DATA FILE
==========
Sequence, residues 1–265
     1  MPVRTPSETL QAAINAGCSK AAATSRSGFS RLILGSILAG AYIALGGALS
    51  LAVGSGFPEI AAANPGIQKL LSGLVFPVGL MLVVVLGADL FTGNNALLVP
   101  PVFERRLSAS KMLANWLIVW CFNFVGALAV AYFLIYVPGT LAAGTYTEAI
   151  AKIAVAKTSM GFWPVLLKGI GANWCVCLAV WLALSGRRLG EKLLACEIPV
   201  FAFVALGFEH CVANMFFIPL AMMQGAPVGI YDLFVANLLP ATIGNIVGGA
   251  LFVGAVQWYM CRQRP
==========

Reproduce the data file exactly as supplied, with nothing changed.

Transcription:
Sequence, residues 1–265
     1  MPVRTPSETL QAAINAGCSK AAATSRSGFS RLILGSILAG AYIALGGALS
    51  LAVGSGFPEI AAANPGIQKL LSGLVFPVGL MLVVVLGADL FTGNNALLVP
   101  PVFERRLSAS KMLANWLIVW CFNFVGALAV AYFLIYVPGT LAAGTYTEAI
   151  AKIAVAKTSM GFWPVLLKGI GANWCVCLAV WLALSGRRLG EKLLACEIPV
   201  FAFVALGFEH CVANMFFIPL AMMQGAPVGI YDLFVANLLP ATIGNIVGGA
   251  LFVGAVQWYM CRQRP